ECO DYING and BOTANICAL IMPRINTS
Natural Dye is Naturally a healthy fabric and a healthier environment
Many people at the markets always ask, so how do you do this?
I collect many leaves, twigs, seed pods, anything botanical that looks interesting, some of those things will go into storage, dried, fermented, or I will use fresh. I lay out my fabric, lay out my designs, this takes time, then I use a high temperature (steaming method) over a long time. Relying on the fact that the Tannin’s in the plants will contact to the protein fibers in the fabric.
You could call it Alchemy, maybe magic, nature is the provider of this beautiful craft and it does have an element of unpredictability, there are always surprises, and plants never stay the same, they change with the seasons, there age, the weather conditions, it is almost impossible to repeat the same image. Therefore, I am constantly learning, constantly sampling, and constantly enjoying my work.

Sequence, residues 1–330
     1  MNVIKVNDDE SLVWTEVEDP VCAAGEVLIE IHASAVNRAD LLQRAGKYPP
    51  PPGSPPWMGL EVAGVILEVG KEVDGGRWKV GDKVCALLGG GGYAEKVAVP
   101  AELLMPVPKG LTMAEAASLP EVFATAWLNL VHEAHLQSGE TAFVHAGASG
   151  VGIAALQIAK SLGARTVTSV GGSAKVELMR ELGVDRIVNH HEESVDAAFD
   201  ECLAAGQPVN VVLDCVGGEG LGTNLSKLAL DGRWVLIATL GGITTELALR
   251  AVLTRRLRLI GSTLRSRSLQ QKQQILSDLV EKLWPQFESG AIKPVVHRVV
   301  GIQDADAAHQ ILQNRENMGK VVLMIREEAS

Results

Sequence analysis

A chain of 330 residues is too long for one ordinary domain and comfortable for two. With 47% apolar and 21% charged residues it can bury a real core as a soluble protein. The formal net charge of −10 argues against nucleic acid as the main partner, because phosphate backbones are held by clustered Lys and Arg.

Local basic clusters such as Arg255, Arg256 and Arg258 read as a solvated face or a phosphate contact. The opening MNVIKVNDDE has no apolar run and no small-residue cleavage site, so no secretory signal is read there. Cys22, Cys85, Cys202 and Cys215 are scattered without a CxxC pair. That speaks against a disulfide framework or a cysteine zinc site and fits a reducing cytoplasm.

It’s a favourite of mine
Rubia tinctorum – natural red dye in raw state as plant roots.The primary dye component is alizarin, which is found in the roots of several plants and trees. Madder is cultivated and grows wild throughout India, south east Asia, Turkey, Europe, south China, parts of Africa, Australia and Japan. Dye yields reds and pinks, turkey red and a variety yellows and browns.
Chamomile is the common name given to the daisy Anthemis Tinctoria belonging to the Asteraceae family. Use 50 – 100% dried flower heads per WOF for medium to strong yellows.Grown throughout North America, Europe and the Himalaya’s, it gives strong yellows and can be mixed with madder for oranges.